May is still standing but seriously wounded – more than a third of her party voted to remove her as the leader. The ERG has become a party within a party, prompting renewed talk of an official split. But it is only the most vocal of many factions, in the party and the government.  

Ironically, the best chance of the Brexit-backing MPs getting what they want – a clean break from the EU – may now lie in May's high stakes gamble to use the threat of a "no deal" Brexit to force support for her deal. 

Within the cabinet, there is support for a so-called "managed no deal." But also for a second referendum or a deal mirrored on that Norway has with the EU. And several ministers have positioned themselves as potential replacements for May.

The traditional party lines have broken down over Brexit, and internal discipline – a core of the system – is weakened.

Labour's catch-22

Such a fractious period for the Conservatives, who have held power only with the help of Northern Irish party the Democratic Unionists since a disastrous 2017 election, would in ordinary times be an open goal for the opposition to make gains.

In the Labour Party, most MPs and members want to be in. But many of the constituencies it represents want to be out. And many suspect leader Jeremy Corbyn doesn't really want to be in, despite campaigning to be.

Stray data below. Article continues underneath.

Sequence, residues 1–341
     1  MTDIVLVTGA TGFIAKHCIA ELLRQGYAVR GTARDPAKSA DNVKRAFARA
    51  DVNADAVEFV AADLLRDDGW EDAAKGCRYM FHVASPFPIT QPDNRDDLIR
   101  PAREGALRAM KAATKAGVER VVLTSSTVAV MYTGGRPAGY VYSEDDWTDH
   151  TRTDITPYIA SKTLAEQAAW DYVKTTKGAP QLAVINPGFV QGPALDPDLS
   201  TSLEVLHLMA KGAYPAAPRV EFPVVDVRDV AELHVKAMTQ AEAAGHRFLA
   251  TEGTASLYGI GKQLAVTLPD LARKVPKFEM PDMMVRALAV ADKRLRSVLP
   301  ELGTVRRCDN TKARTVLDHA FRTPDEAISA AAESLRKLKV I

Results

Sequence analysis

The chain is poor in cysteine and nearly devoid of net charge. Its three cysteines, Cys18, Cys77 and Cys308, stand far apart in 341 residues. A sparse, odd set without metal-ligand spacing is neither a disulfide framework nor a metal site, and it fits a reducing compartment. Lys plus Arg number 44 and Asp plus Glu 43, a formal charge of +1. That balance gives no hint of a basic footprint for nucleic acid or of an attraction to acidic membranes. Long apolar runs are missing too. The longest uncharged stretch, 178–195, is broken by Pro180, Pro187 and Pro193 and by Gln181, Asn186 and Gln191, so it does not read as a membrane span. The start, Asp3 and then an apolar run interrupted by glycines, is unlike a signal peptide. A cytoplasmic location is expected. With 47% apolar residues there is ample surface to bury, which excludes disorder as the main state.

A recent YouGov poll indicated that if it were to back May's deal, Labour's support would plummet by 14 points and it would fall into third place. However, if it backed a second referendum – as members want by a three-to-one margin – it would lose "Leave-backing" seats in an election.

Labour members want the leadership to call a no-confidence vote in the government. A win would likely mean a general election, but a loss is likely and under party policy that would mean supporting a second referendum.

That in turn would force it to pick a side on the Brexit debate — and vagueness has served it well — so Corbyn has copied May in a delaying tactic: calling for a vote of no-confidence in the prime minister, a non-binding vote with no practical consequences.  

100 Days

So with 100 days to go until Britain is scheduled to leave the EU, how will the deadlock end?

Neither May and Corbyn are motivated to move quickly.

On Tuesday the government ramped up preparations for a "no deal," a scenario the Bank of England says could hit the UK economy harder than the 2008 financial crisis.

May's strategy is to prolong the jam and pile pressure on MPs to back her agreement when it comes before parliament in the week beginning January 14, 2019. A "no deal" would also hurt the EU, so the prime minister remains hopeful the bloc will sweeten their deal.

Corbyn aims to wait until the parliamentary vote in mid-January before acting. If May's deal loses, he will stand the best chance of winning a vote of no-confidence in the government.

Both leaders have both argued against a second referendum – the direct democracy option – but support is growing within parliament and among the public.

The Norway option, a Canada-style free trade deal, and a general election are also on the table, and all would probably require a delay or cancellation of Brexit.  

It's over 900 days since Britain voted for Brexit, and 100 days until it is scheduled to leave the EU. There have been negotiations, scraps, splits, and soundbites. No one can confidently say how — or if — Brexit will happen. The real drama lies ahead. 

By John Goodrich